I’ve been to “To Arms! Sabre Fencing as Polish National Heritage” (Jagiellonian University Museum, Krakow, Aug-Nov 2018)

Continuing to follow-up exhibitions related to historical European martial arts (see my published article about it here), I’ve been pleased to visit this exhibition in Poland. This dense, interactive and surprising display does not focus on a specific (obscure?) martial discipline, but encompasses a (perhaps too?) large cultural history of pan-European martial history through objects, documents and martial arts.


This temporary exhibition is organised in five rooms in the beautiful and old collegium of the Jagiellonian University Museum – the oldest university in Northern Europe. One (independent) extra outdoor space in the professor’s garden introduces the story of HEMA on five panels with pictures, for the visitors just wandering in the garden.


The exhibition comes from a private initiative, which has turn into a fruitful collaboration with respected institutions (National Museum of Krakow, History Museum of Krakow, the Jagiellonian Library and the Jagiellonian University Museum). The exhibition itself owes much to Jerzi Miklaszewski (Silkfencing team) and Malgorzata Taborska (Jagiellonian University Museum). The melting pot of different skills between a museum professional and a martial arts practitioner and researcher held up to some of my expectations about an ideal exhibition dedicated to martial arts, but at the same time left me with some disappointments. I will have the pleasure of writing a dedicated review of this exhibition in the forthcoming issue of the Journal Acta Periodica Duellatorum, dedicated to sabre fencing and duelling, stay tuned and wait until late December. But for now, let me walk you through my first impressions and share a few pictures.

The sword as a symbol

The first room looks into the sword as an element of status and symbol. Sabres worn by academics at the university (with the regulations of Jagiellonian university and a portrait painting), but also sword used for ceremonies, including polish coronation swords. The displays include some original early modern woodcuts, from the museum’s impressive collection.

The swords’ type and related practice

The two main rooms of the exhibition focus on the swords’ (mainly sabres’) types and history. Tracing the multi-cultural history of the sabre is not an easy task, but the installations managed to guide the visitor through the main lines of origins and cultural encounters which formed the different types of sabres. Two large table displays at the centre of the room allow the visitors to handle the different type of hilts organised into a tree of evolution of forms. In the next room, three main types of sabres are available to handle in an ingenious installation allowing to grab and move the weapon itself. This interactive experience is put in perspective by a great number of panels with (too much?) exhibition texts, drawings, artwork and charts, and by original sabres, a large number of which are loans from the national museum, including rare and beautifully decorated examples.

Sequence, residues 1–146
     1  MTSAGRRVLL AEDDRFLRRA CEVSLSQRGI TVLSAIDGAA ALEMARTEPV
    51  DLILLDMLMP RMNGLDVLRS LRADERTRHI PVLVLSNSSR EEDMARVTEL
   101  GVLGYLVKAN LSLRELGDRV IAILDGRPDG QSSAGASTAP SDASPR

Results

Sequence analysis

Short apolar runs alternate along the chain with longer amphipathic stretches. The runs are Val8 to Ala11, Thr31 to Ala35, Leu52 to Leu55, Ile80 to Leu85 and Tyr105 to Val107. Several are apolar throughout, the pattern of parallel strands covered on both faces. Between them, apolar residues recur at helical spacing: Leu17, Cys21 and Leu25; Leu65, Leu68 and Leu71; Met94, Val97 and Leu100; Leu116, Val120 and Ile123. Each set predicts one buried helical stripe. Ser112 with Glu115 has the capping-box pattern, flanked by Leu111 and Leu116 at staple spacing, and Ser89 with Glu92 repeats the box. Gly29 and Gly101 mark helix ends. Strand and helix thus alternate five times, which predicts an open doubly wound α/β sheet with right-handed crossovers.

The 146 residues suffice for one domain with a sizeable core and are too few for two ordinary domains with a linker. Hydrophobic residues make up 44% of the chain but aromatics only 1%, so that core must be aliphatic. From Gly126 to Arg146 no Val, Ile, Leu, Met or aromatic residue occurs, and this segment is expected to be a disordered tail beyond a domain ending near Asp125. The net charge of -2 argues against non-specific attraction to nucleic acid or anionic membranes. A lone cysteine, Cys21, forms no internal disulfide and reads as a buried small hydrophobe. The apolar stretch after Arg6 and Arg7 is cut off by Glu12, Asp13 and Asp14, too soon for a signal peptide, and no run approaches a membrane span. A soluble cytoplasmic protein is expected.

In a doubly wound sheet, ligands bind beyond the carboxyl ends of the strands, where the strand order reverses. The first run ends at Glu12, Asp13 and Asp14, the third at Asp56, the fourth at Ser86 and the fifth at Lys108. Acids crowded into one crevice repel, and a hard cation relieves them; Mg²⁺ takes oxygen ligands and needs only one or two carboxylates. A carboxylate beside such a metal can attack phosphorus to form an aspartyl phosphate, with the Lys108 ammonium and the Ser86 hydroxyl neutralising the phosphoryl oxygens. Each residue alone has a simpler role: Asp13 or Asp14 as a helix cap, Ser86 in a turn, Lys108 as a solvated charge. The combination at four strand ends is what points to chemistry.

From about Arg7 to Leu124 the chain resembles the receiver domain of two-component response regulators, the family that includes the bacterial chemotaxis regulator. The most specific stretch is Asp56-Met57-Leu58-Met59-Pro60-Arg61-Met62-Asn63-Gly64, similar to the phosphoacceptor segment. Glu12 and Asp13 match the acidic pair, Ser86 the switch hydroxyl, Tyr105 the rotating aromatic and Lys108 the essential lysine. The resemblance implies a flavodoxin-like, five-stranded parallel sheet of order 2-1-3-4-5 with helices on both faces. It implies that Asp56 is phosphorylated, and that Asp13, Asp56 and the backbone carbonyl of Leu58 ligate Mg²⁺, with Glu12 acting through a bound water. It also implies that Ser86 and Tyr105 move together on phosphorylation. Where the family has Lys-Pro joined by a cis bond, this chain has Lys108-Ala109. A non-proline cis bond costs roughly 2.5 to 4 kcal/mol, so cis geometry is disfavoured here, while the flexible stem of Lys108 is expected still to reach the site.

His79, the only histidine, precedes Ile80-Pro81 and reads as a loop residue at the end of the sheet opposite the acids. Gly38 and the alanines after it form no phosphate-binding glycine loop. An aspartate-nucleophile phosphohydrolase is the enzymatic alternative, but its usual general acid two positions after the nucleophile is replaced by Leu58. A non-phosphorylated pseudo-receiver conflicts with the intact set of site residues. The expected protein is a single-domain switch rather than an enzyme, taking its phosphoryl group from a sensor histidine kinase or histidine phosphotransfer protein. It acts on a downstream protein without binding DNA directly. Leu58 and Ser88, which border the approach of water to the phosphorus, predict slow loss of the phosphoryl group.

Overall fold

Each room has screens displaying either interviews of the curators or HEMA practitioners, or demonstration of historical European martial arts in the beautiful surrounding of the old inner court of the university. An installation worth mentioning is composed of two table cases and panels, explaining the construction processes of the two main types of sabre and the Damascus steel. It includes metallographic zoom-ins, allowing to put the concepts into perspective, based on metallurgic studies on the original blades.

The sword and its books

The last room looks into fight books and the documentation of martial arts practices. The famous early fifteenth and early sixteenth century fight books kept in the Jagiellonian library are sadly not on display, but the facsimile of the “Gladiatoria” and pictures of the “Goliath” are there to evoke them. A few printed treatises, and original documents related to martial practices covers the interrelation between the written word, the drawn figure and the embodied knowledge of fighting.


The way out of the exhibition features HEMA equipment, practice swords and protective equipment, as well as objects and documents telling the story of sword fighting as a sport. It includes also foils and old fencing masks, next to the nylon swords for HEMA practice.

I’ve liked

  • The interactive displays

  • The connection between heritage and modern HEMA practices

  • The story of the sabre told by practitioners with the focus on the pragmatical use of objects

  • The very broad scope of the exhibition telling a story of martial arts through the ages

I’ve disliked

  • The size of exhibition texts and the echoing effect between them

  • The typos and mistakes left in the English version of the exhibition texts

  • A few bold statements about martial arts practices, without explanation (that’s the historian speaking)

  • The fact that neither the Goliath, nor the Gladiatoria were on display (and that’s the fight book affictionado of manuscripts and early prints speaking)

I would like to thank Jerzy and Malgorzata for inviting me to give a lecture about Swiss sabre fencing for the cultural program of the exhibition. I had the great opportunity and pivilege to have a tour of the exhibition and access to behind the scene stories. Go and visit this exhibition if you have the chance, you still have until end of November. I have been told that an exhibition catalogue is in the making. I’m looking forward to this.